Long Shot

In long shots, more is visible. The characters almost fill the frame top-to-bottom, while at the same time the scenery still dominates the scene.  

Medium Shot

The medium shot is a great technique to introduce a subject and convey emotions. Medium shots are shot from the actor’s waist up to their head. The viewer realizes that this scene is more about the actor and not so much about the surroundings.

Two and Three-shot

These terms indicate the number of people you have in your shot. When you want to have three people in your shot, you use a three-shot. These types of shots are generally used in combination with a medium shot. 

Note that shots with a single person in the frame are not called one-shots. The term one-shot is instead used to indicate continuous footage that has no cuts.

Close-up shot

The close-up is perhaps the most widely known framing technique. With a close up you make sure that only the actor’s head is in the frame. It is okay to go a little wider and include, for example, part of the neck. The main purpose is to make the viewer feel more involved with the subject.

Extreme close-up shot

Extreme close-up is used to convey strong emotions or indicates that things are about to get serious. Since it is a perspective that you don’t encounter much in real life, extreme close-up shots can leave a real impact.

Camera movements

Now let’s talk about how you move the camera while shooting a scene. Sure, you can set your camera on a tripod and create a video without moving it at all. But, unless it’s an interview or a vlog, the chances are your clip will come out pretty bland. Moreover, in some cases, it’s nearly impossible to capture everything effectively without movement.  Take for example a scene where your character is running across a street. Unless you use a very long shot, there is no way you will get the whole run in your frame without moving your camera. 

Here are the most common types of camera movements.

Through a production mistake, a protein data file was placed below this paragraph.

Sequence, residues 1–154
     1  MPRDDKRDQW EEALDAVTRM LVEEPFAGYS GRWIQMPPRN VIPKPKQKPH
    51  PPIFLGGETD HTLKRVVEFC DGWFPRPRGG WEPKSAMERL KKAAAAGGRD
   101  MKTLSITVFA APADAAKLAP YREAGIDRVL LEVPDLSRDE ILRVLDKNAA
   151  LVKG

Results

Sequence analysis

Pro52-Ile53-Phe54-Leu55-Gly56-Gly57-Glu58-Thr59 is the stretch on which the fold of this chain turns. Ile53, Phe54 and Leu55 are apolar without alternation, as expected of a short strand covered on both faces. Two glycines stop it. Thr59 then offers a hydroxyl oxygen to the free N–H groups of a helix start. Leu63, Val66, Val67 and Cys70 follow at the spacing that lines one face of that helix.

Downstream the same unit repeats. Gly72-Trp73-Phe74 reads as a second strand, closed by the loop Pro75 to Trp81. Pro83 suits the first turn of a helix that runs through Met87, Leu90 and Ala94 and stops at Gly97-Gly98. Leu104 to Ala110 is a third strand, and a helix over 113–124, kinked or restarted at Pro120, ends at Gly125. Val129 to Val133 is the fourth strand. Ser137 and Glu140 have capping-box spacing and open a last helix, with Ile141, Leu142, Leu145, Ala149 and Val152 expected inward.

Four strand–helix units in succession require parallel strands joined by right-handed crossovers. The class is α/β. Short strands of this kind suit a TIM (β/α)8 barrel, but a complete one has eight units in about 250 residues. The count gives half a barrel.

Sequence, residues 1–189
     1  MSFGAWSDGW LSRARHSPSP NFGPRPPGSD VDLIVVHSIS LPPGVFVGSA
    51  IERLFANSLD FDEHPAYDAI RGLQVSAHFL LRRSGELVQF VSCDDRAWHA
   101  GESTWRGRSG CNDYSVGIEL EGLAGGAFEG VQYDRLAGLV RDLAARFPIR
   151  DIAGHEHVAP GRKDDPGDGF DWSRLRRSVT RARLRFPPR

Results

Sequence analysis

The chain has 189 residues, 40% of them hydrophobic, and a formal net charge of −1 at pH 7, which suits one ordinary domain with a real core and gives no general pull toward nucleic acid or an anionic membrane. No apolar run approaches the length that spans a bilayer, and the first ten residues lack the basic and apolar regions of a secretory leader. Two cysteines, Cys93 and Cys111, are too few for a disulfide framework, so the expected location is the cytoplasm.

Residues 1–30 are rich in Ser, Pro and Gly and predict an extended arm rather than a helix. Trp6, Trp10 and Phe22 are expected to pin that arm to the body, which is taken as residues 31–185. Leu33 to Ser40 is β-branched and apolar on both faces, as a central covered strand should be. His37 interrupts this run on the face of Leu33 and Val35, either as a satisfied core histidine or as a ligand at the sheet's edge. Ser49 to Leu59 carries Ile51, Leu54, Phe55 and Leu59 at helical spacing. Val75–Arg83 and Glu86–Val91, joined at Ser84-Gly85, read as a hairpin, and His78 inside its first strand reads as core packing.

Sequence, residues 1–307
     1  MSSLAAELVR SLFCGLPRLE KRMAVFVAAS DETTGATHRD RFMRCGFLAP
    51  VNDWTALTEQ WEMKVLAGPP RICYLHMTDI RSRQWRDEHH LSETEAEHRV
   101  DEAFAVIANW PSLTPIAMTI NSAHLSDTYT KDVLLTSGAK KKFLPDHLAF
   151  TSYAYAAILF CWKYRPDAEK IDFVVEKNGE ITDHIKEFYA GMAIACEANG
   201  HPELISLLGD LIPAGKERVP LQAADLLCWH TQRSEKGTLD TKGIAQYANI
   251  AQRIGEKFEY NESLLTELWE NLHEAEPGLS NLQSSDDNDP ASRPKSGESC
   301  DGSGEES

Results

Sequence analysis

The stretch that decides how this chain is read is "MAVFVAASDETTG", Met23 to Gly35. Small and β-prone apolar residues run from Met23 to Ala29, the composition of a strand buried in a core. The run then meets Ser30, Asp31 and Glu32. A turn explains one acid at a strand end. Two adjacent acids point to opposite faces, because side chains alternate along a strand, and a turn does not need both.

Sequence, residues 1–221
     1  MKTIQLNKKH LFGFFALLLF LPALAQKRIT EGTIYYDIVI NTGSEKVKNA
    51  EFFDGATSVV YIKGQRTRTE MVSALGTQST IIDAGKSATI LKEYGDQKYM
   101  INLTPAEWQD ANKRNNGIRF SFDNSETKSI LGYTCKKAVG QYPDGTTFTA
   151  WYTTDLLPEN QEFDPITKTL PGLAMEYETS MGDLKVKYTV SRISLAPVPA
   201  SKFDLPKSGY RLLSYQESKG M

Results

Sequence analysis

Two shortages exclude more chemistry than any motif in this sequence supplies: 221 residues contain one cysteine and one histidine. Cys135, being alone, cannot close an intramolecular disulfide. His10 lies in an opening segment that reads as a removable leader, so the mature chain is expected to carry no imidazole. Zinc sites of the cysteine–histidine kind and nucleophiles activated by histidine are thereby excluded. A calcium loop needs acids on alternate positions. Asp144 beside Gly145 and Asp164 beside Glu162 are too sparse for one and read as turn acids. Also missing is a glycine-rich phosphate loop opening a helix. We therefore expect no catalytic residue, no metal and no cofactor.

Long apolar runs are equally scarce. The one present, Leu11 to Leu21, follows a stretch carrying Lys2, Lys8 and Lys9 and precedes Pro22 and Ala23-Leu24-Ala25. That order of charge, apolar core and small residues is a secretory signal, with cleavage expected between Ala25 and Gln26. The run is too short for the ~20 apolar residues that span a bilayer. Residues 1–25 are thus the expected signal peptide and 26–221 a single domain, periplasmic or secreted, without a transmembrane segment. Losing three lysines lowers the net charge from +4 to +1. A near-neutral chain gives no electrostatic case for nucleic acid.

Tilt shot

This is a classic movement where the camera moves on a vertical axis (up or down) while staying in one position. It’s often used to follow a character’s movement or even reveal information by slowly bringing something into the frame.

Panning shot

This type of movement is similar to the tilt shot except that the camera pivots on a horizontal axis (left or right). 

Zooming shot

Zooming is used to focus on a very specific part of the frame. You go from a long shot to a close-up or the opposite. You give the viewer the feeling that they are getting closer to or further from the subject, while the perspective remains unchanged. Initially, this technique was used to add drama, but because it became too mainstream, now it is mostly used to achieve comedic effect. 

Pedestal shot

With a pedestal movement, the camera itself physically moves up or down along a vertical line. To achieve this, the camera is placed on a fixed location, such as a tripod, or a crane. Then, the camera is moved in the desired direction. It’s a great way to shoot something very tall. You can for example move up slowly to emphasize the tallness or greatness of a character.

Dolly shot

In a dolly shot the camera is moved away from or brought closer toward the subject. It’s common practice to use rails or a small vehicle to perform the movement.

Tracking shot

Like with the dolly movement, this movement is also commonly performed using rails or a small vehicle. The camera moves in a straight line across the side of the subject. This movement is most often used to follow a moving subject (for example a walking person) across a certain distance. 

Get shooting!

And there you go! Now that you have learned the different types of camera angles, framing techniques, and camera movements, it is time to go out and put your freshly gained knowledge to practice. Good luck!

Get all the latest posts